Etkie, a jewelry startup, raises $34,000 through Los Alamos Venture Acceleration Fund

By | May 22, 2015

Contrary to the popular myth that only the tech startups can raise fund easily, a jewelry startup called Etkie has raised $34,000 from the investor that usually focuses on supporting high-tech commercialization startups. This startup was one among the four winners of this year’s Los Alamos Venture Acceleration Fund.


Etkie is a jewellery startup that works with native American women in New Mexico and deals with exclusive jewelry boutique. The startup’s CEO Sydney Alfonso said that running a jewelry firm is not very different from a tech startup. “I think what’s overlooked is a distribution model. We had to look at one and we honed in on wholesale. It’s not easy, that’s where your volumes are highest and your margins are lowest,” she said. She also added, “But, now we can start a D to C model.”

She said there were three things that helped Etkie stood out from the rest among the 61 applicants for VAF funds. The three things are sales, a set of supportive mentors and working with a population that are no way aware of this kind of funding. The VAF funding is not similar to the usually funding. It is like a loan that the company does not have to repay until or unless the company is being sold.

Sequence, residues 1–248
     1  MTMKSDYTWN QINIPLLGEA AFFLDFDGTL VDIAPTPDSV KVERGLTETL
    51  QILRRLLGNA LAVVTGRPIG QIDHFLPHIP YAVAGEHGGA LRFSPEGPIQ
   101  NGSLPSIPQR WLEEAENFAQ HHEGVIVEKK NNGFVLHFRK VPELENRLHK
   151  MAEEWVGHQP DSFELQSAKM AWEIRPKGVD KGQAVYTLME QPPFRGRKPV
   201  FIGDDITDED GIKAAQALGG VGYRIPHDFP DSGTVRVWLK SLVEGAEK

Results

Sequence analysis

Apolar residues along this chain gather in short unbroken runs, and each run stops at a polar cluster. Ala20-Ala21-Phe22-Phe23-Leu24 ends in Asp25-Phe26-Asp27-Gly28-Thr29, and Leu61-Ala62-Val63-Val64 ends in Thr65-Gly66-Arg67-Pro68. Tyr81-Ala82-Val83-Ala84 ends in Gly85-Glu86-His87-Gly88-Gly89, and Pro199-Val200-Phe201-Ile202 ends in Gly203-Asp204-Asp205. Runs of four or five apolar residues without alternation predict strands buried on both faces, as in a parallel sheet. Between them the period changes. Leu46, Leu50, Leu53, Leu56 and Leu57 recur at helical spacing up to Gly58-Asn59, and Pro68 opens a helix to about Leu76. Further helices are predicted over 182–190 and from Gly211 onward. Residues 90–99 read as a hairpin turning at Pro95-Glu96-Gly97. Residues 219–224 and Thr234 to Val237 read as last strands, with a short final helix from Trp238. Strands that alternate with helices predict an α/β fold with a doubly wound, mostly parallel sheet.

It the hard work of Alfonso that has been paid through this fund. The company has strived hard to have grown to make sales of $110,000 in just 13 months since its inception. Alfonso did not try to sell her handbags and jewelry in smaller boutiques like the posh Collette in Paris and Lilly Barrack in Albuquerque but also markets at giant online retailer like One Kings Lane, that has 10 million members worldwide.

Etkie was part of the Creative Startups accelerator program where the mentors guided her through the process and even financed her to the first Fashion Week at Paris, which gave her a break through to display her jewelry to the international market. It was the her business model of working with Native American women to create handcrafted jewelry and handbags that stood out from rest of the crowd. The company introduced to many people the idea of using beadwork which is modern yet has a traditional touch.

With the new funding, Alfonso plans to finance for employees for the company where she was the one-man army so far. “I think I have struggled because I’m the only one at Ektie full-time. I do sales, marketing, emails, shipping, packing,” she said. She also added, “I think all CEOs are on insane roller coasters.”